Book Review Club: The Tuscan Child by Rhys Bowen #review

Tuscan Child book cover
The Tuscan Child
by Rhys Bowen
Adult Fiction
Lake Union, 2018

I’m a big fan of Rhys Bowen’s Royal Spyness series, so when I saw that she had written a “story within a story” one of my favorite literary devices, I had to buy the book.

The Tuscan Child takes place alternately in 1944 and 1973, and the narrators are a father and his daughter.

Hugo Langley, a British pilot, is shot down over the Tuscan countryside in December of 1944. He’s the only survivor of the plane crash, but his leg is badly injured. He is discovered by Sofia Bartoli, a young woman from the nearby village of San Salvatore. She helps him to hide in the ruins of a nearby monastery and brings him food and whatever medical supplies she can find.

Then the action moves to 1973 when Joanna Langley goes back to her ancestral home to deal with her father’s sudden death. Joanna is in a bad place herself, but grateful for the small legacy Hugo left her. Among his things she finds a letter to Sofia that was returned after war in which he declares his love for her and makes a cryptic reference to their “beautiful boy” being hidden. Intrigued and without work, she uses his legacy to travel to San Salvatore to find out what happened back in 1944. Once there, she meets Sofia’s son Renzo, but finds that the past mystery is not easily uncovered, and that someone wants it to stay buried. Someone who is willing to kill to keep his or her secrets.

I really enjoyed this book. I felt sympathy for Joanna’s predicament as well as Hugo’s. The subplot involving Paola Rossini, who rents a room to Joanna and teaches her about Italian cooking, is charming and heartwarming. And then there’s the handsome but mercurial Renzo. Can he be trusted or not?

If you enjoy Susanna Kearsley’s books, you will probably enjoy The Tuscan Child. In the end, the main villain was a bit obvious, but there was an interesting twist toward the end that I didn’t see coming. The pace is fast, the characters engrossing, and the description of both countryside and food is lovely.

(My apologies to regular readers of my blog for my absence this last month. I’m happy to report that my remodel is almost finished, and I should have more computer time in future.)


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Recycled Reviews: The Scarletti Curse #audiobook

This is a review of the audiobook of The Scarletti Curse, by Christine Feehan, which I checked out of the library and listened to while recovering from eye surgery back in 2013.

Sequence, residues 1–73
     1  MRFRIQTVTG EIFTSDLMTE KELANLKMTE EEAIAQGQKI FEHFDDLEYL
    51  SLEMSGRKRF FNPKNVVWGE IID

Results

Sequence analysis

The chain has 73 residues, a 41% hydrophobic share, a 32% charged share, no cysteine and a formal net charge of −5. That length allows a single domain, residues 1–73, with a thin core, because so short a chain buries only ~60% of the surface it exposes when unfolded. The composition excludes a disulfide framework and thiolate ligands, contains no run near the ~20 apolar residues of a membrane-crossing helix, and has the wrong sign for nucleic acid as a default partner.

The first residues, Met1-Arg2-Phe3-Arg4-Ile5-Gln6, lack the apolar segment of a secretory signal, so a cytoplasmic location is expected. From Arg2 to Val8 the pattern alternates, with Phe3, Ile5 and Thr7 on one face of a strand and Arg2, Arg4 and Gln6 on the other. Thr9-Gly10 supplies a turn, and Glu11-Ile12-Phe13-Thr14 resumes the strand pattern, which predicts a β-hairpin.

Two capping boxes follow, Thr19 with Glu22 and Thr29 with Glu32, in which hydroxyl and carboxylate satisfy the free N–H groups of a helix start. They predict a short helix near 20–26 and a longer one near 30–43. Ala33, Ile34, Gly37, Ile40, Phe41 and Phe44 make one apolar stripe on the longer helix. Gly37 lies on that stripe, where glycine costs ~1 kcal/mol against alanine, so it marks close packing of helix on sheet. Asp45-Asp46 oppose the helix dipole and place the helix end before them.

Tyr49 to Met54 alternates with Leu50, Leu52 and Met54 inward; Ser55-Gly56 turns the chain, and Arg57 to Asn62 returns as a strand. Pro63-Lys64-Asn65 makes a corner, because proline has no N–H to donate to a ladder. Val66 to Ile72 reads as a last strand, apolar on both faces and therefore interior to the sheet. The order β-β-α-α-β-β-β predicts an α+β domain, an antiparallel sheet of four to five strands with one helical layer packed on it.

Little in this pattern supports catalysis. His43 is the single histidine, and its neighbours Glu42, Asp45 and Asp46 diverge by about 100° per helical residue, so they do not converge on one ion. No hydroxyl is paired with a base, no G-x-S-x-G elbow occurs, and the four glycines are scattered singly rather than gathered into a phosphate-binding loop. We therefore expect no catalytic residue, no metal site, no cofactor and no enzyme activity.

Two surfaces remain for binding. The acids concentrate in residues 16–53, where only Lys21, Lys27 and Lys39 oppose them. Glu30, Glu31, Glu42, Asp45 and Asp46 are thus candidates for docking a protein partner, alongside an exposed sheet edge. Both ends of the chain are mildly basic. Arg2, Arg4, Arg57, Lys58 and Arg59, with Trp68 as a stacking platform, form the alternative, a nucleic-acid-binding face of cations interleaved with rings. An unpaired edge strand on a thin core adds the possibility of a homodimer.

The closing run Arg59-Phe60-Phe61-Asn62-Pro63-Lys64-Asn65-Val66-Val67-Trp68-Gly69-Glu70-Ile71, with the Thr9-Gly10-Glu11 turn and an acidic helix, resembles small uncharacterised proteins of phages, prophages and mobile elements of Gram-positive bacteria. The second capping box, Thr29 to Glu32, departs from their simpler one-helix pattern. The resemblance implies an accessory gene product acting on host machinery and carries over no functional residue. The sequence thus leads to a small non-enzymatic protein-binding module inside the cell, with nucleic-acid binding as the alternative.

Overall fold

audiobook coverThe Scarletti Curse
by Christine Feehan
Love Spell Books, 2000
Romance Audiobook read by Rebecca Cook

A classic Gothic tale, though written in third person omniscient point of view rather than the traditional first person. All the Gothic conventions are here: the young, innocent heroine, the older, domineering and mysterious hero, the forbidding house, in this case an Italian palazzo, the dark atmosphere and sense of impending doom.

Nicoletta is a young peasant woman with a special gift for healing. She is sweet-natured and free-spirited, used to running barefoot over the hills of her homeland, but at the same time dedicated to her healing arts. When she and her guardian, Maria Pia, are called to attend the Scarletti family at the Palazzo Della Morte (Palace of Death), as the peasants call it, she meets the dark and brooding Don Giovanni Scarletti. He and his little niece Sophie are ill from tainted soup. Was it poisoned? If so, who was the target?

When the don decides to claim her, Nicoletta resists, even attempting to run away, but the don will have his bride. She goes reluctantly to the palazzo, a dark frightening place with a reputation for destroying women. A number of them have been murdered, from Giovanni’s grandmother to several maids, including Nicoletta’s own mother. The palazzo is full of secrets and dangers and Giovanni fears he cannot protect her. But who is safe in the Palazzo Della Morte?

The danger and tension build to a dramatic climax that includes the requisite confession by the villain. Gothic fans will love the atmosphere and the satisfying romance. Rebecca Cook’s narration is delightful. She does the Italian accent well and gives each character a unique voice.

Scarletti Curse book coverThe only criticism I have, other than some occasional overheated prose, is that I didn’t get a good sense of time and place. I could not tell you what part of Italy the story takes place in nor which century.  The audio cover didn’t help as the clothing pictured looked quite modern. The original paperback cover gives more of a Renaissance look, which I think is close to the period. It was clearly pre-Industrial Revolution, but that was as close as I could pin down. But I imagine most readers will not care, as the story is very enjoyable.

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